Tuition Discounts Lure Students Out of State

Ann McClure's picture

Megan Pritchard decided an MBA with an international focus would get her closer to landing her dream job. After managing sales at a winery for almost two years, she wanted to move on to a French company in a U.S. operations function. Because none of the MBA programs in her home state of Alabama offered an international track with a language component, she started looking at private—and more expensive—schools like Tulane and Thunderbird.

Ultimately she enrolled in the business program at the University of South Carolina’s Moore School of Business. Why Moore? In the midst of her MBA search, she learned an exchange agreement between Alabama and South Carolina qualified her for in-state tuition. “It was a huge incentive,” she says of the discounted tuition status, which reduced the cost she would have paid as an out-of-state student by nearly $55,000 over the course of the program. “Without question, I will be able to afford to go to France to look for jobs.”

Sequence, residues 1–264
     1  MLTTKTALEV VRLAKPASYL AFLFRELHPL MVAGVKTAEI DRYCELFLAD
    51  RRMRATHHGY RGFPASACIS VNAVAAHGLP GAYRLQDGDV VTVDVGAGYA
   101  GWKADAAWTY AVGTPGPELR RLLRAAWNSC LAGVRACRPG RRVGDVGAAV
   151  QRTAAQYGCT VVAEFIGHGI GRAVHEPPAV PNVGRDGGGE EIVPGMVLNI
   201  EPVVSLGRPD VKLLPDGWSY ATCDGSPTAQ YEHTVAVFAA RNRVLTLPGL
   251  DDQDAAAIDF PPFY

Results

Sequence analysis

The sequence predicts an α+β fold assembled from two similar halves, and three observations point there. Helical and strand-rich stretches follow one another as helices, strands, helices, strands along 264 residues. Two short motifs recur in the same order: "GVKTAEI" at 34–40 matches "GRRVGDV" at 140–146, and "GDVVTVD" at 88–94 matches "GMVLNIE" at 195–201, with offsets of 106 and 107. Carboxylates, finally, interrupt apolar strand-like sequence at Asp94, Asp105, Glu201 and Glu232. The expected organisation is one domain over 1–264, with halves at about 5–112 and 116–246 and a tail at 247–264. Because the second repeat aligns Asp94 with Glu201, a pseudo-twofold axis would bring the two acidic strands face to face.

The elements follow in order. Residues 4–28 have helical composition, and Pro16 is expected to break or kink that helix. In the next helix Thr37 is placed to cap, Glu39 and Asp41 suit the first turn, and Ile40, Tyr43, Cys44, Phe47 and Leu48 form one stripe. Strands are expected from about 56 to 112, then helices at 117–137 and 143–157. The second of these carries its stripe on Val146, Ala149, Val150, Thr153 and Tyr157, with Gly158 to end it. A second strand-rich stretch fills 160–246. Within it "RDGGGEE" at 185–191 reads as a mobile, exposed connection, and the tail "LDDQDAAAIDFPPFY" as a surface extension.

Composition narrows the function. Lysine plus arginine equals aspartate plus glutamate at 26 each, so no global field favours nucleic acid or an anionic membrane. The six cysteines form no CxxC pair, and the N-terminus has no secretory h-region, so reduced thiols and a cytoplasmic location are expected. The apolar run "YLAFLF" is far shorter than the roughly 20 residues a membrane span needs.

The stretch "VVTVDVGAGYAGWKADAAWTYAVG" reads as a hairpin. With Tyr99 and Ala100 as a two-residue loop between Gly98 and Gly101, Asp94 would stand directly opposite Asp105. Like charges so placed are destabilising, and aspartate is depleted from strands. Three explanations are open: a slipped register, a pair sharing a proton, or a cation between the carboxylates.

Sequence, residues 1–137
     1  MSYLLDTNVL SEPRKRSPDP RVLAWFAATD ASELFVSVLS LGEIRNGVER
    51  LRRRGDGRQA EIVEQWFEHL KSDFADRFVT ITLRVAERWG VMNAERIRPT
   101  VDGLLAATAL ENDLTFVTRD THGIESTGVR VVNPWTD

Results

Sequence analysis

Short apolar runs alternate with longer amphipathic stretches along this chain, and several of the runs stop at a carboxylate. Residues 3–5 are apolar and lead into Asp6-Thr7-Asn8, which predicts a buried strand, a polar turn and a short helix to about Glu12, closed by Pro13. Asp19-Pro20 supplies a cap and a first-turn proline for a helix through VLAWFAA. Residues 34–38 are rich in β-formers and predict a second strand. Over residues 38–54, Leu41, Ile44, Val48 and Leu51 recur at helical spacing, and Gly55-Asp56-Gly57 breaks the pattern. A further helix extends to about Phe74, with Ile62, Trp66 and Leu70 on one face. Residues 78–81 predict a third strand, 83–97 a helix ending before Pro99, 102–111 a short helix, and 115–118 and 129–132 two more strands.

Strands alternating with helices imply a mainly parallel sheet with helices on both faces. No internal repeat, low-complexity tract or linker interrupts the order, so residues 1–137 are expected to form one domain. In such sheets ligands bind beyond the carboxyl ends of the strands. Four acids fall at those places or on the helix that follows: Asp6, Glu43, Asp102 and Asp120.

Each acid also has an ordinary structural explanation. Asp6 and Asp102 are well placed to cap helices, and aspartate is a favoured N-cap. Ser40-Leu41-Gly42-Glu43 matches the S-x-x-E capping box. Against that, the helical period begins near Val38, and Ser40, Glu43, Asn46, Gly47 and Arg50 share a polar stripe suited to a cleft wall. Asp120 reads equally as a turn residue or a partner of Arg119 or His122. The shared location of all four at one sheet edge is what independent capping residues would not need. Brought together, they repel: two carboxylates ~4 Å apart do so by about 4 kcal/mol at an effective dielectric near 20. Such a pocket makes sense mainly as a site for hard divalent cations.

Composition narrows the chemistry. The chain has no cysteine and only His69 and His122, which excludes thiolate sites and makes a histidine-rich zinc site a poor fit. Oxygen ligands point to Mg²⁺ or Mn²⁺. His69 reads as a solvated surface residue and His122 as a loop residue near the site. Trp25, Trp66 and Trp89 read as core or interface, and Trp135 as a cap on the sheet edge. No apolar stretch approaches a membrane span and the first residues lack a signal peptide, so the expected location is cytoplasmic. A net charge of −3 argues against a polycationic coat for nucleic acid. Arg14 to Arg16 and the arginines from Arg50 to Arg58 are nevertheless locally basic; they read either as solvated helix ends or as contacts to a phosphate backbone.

Such exchange arrangements exist in 46 states and have been around for decades as a way to give students wider access to higher education resources that may not be available in their home states. Several specialized degree programs—ranging from an MBA with a concentration in logistics at the University of Tennessee, Knoxville, to a master’s in hotel administration at the University of Nevada, Las Vegas, to a bachelor’s degree in insurance and risk management at the University of Georgia—are eligible for similar out-of-state tuition discounts based on a student’s residency.

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